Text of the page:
Friday, July 25, 2008

UM Arbitration Award of No Serious Injury Upheld

Matter of the Arbitration Between Reyes v. Liberty Mut. Ins. Co.
(App. Term, 2nd Dept., decided 7/10/2008)

Petitioners were involved in a motor vehicle accident with an uninsured vehicle owned and operated by Anthony Manuele. They commenced a personal injury action against Mr. Manuele and, upon his default, an inquest was conducted and default judgments were entered in their favor against Mr. Manuele. Petitioners then served Liberty Mutual with a demand for arbitration of their claims for uninsured motorist (UM) coverage. An arbitration hearing was held, and petitioners argued that the arbitrator was bound by the amount of the default judgments rendered in the personal injury action, and was obligated to render an award in the same amount of the judgments therein. Liberty argued that the arbitrator was not so bound, and offered a copy of the insurance policy which stated that any judgment for damages arising out of a lawsuit brought without its written consent was not binding upon the insurer. It was conceded that Liberty had not been aware of the default judgments rendered in the personal injury action until the date of the arbitration hearing. The arbitrator found that Liberty was not bound by the default judgments, and rendered an award in favor of Liberty, dismissing petitioners' claims based upon their failure to demonstrate that they sustained a serious injury within the meaning of Insurance Law § 5102 (d).

Petitioners then commenced this special proceeding to vacate the arbitrator's award pursuant to CPLR § 7511(b), arguing that it was irrational and that the arbitrator "exceeded his power". Although petitioners were unable to produce the UM or SUM endorsements under which they sought coverage, they claimed that their policy did not contain the language contained in the policy produced by Liberty. Petitioners argued that that it was irrational for the arbitrator to include such language as a provision in their policy. Moreover, even if such language was included in the applicable endorsement, the arbitrator exceeded his authority by determining an issue involving policy coverage rather than limiting himself solely to the issues of liability and damages. In opposition, Liberty argued that there were no grounds for vacatur of the award, since said provision was included in the policy. The arbitrator's award was neither irrational, nor did the arbitrator exceed his authority in determining petitioners' entitlement to benefits.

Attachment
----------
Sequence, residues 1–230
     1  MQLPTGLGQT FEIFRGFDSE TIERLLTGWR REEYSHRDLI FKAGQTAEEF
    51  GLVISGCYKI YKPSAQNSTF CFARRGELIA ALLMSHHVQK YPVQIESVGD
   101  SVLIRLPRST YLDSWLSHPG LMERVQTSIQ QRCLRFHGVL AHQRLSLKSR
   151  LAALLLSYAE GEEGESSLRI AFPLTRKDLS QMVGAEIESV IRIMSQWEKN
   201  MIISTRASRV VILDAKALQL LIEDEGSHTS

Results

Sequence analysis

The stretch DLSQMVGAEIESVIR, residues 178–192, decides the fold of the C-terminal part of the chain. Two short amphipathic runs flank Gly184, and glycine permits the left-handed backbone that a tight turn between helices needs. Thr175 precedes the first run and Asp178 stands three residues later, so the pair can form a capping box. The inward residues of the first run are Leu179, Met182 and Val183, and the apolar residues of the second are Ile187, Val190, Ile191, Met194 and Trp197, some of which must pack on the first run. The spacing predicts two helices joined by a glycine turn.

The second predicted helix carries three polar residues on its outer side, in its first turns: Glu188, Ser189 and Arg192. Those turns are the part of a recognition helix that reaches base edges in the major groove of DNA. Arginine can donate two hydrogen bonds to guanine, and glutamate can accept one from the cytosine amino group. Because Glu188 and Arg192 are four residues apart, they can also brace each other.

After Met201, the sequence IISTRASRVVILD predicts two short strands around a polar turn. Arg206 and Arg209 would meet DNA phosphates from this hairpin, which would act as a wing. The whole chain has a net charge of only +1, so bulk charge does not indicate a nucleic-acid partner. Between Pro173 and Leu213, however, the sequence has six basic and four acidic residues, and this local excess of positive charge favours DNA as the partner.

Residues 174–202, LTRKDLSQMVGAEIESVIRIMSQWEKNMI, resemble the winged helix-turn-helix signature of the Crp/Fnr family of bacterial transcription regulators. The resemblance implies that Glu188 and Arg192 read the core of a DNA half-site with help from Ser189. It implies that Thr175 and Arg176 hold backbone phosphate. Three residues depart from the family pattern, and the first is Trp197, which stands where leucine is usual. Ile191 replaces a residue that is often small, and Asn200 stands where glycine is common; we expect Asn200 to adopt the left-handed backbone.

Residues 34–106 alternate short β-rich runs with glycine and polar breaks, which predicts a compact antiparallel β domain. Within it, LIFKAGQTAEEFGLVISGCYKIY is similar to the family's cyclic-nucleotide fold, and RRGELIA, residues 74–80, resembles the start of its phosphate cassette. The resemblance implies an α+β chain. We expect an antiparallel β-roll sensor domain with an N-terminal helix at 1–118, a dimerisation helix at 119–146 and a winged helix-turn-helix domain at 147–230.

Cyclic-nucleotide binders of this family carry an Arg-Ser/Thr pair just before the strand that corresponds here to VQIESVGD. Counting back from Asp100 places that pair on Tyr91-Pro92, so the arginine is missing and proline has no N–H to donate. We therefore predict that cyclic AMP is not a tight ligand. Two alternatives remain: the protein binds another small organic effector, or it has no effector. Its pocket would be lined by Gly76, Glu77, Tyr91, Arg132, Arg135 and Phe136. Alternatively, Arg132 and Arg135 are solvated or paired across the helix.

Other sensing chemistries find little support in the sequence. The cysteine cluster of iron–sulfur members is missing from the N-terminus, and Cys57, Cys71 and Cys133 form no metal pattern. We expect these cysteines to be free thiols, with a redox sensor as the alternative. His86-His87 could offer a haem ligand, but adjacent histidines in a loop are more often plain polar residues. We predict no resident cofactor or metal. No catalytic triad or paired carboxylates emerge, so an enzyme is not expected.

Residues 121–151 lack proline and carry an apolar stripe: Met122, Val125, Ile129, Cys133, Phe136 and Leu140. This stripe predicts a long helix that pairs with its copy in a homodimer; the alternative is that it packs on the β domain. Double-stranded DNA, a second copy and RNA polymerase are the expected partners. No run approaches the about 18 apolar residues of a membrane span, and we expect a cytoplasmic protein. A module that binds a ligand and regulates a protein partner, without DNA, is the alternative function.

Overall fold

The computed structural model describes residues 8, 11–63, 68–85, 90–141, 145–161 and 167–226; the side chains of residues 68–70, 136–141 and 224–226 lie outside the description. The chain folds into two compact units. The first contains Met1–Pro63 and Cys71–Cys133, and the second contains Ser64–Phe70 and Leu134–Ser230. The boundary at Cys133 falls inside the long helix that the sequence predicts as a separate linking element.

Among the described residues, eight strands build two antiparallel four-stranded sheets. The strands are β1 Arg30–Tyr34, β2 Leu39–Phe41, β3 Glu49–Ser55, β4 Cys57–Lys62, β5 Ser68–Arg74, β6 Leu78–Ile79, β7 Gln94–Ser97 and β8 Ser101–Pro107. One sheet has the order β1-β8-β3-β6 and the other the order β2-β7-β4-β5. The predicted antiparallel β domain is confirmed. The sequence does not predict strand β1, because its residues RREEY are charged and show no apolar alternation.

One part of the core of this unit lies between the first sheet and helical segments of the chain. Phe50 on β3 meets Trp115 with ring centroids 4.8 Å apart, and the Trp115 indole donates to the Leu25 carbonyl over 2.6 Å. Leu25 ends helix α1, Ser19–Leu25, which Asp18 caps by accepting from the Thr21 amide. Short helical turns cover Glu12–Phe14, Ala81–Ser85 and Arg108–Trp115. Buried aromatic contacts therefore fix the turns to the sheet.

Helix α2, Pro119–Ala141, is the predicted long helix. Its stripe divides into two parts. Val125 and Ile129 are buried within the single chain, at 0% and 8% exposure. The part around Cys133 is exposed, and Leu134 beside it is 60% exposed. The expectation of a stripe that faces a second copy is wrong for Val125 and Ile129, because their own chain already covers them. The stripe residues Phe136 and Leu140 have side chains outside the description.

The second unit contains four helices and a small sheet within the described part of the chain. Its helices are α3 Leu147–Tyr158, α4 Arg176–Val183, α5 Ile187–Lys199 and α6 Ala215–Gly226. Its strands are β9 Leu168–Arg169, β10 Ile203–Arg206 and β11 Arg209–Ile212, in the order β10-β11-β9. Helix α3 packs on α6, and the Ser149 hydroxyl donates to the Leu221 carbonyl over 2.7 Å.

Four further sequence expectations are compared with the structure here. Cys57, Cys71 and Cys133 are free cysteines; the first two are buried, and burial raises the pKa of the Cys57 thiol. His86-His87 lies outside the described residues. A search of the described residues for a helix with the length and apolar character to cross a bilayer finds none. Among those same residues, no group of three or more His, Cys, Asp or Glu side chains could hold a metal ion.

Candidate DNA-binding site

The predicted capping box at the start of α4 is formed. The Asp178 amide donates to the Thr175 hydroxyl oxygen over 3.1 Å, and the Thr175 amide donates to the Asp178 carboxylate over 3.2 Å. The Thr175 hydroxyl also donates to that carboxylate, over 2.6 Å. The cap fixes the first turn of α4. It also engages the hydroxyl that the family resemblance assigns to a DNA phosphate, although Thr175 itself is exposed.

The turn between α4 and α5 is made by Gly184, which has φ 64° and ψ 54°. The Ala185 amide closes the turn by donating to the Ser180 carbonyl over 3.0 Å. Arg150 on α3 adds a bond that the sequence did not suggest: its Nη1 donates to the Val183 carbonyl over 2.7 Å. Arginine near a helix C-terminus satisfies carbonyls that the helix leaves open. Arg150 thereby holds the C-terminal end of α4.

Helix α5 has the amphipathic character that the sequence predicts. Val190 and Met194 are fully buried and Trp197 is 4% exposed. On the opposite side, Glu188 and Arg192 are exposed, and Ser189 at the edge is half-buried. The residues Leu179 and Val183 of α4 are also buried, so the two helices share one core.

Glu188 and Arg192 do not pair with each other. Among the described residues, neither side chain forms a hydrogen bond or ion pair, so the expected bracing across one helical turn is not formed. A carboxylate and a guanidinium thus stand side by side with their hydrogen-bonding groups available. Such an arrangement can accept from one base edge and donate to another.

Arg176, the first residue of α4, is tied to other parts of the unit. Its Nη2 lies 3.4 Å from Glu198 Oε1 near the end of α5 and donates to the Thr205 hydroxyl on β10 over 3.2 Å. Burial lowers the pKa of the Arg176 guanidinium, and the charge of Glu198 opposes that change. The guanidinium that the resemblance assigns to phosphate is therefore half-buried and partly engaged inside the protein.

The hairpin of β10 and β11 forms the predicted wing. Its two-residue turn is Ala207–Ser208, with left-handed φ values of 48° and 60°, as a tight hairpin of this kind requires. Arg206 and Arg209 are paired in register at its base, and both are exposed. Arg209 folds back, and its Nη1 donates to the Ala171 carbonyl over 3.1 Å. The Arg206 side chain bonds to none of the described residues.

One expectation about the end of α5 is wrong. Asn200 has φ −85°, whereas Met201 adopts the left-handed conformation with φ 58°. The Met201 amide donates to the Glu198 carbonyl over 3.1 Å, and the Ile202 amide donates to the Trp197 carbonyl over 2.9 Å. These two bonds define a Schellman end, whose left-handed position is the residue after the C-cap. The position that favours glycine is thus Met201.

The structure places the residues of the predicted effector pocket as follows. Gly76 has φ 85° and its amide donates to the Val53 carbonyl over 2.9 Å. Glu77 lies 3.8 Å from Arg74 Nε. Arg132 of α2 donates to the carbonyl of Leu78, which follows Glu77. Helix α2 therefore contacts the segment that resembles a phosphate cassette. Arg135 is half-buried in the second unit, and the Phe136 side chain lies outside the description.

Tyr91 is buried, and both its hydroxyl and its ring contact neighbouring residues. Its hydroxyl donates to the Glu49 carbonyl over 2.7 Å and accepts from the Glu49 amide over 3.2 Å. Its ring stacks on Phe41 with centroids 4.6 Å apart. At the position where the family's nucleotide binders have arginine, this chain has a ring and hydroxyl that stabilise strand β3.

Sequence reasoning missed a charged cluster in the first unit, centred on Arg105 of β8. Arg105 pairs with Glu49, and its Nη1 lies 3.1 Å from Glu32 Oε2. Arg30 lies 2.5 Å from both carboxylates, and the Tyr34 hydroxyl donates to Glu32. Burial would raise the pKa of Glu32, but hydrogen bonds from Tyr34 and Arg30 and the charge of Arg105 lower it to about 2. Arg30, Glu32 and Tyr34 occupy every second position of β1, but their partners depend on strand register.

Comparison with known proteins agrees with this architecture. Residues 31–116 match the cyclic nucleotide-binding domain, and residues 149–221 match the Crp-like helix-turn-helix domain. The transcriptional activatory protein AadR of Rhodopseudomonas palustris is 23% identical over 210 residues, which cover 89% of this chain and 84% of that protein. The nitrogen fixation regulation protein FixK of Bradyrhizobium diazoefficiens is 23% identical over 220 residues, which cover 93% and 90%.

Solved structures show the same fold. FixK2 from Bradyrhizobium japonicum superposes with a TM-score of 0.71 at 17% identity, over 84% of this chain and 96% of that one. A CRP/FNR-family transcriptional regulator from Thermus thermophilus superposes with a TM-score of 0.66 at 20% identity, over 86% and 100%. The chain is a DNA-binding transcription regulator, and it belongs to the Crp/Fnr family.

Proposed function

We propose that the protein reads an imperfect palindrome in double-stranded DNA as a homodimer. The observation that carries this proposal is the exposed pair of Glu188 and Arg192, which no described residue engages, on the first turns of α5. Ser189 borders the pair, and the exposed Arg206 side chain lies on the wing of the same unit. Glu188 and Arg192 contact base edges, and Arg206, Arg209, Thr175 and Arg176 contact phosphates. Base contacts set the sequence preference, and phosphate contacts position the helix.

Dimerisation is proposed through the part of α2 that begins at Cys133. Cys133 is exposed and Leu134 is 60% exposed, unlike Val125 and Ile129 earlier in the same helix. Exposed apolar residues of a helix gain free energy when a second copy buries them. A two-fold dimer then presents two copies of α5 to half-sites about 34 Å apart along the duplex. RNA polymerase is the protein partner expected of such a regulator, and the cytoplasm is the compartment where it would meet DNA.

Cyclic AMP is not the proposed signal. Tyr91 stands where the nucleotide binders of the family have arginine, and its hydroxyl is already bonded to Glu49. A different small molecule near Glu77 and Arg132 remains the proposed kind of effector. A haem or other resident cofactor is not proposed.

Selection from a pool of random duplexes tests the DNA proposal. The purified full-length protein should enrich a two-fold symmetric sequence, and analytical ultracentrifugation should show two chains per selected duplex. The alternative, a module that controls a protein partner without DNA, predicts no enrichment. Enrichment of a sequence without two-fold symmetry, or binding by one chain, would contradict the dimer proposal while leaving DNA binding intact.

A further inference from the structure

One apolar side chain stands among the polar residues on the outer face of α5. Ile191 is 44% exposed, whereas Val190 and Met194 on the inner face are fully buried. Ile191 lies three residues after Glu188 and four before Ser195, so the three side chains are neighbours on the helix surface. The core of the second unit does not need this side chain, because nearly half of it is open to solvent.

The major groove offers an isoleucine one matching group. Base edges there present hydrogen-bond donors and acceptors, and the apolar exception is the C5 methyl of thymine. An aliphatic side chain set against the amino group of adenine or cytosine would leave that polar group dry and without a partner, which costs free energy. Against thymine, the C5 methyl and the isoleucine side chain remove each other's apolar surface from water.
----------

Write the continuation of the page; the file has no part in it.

In AFFIRMING Queens Civil Court's denial of the petition to vacate the arbitrator's award, the Appellate Term held that the arbitrator did not exceed his authority in determining whether petitioners were entitled to benefits under their policy with Liberty, and that petitioners had failed to meet their burden of showing that the arbitrator's award was irrational or that it had no evidentiary support or was arbitrary and capricious.

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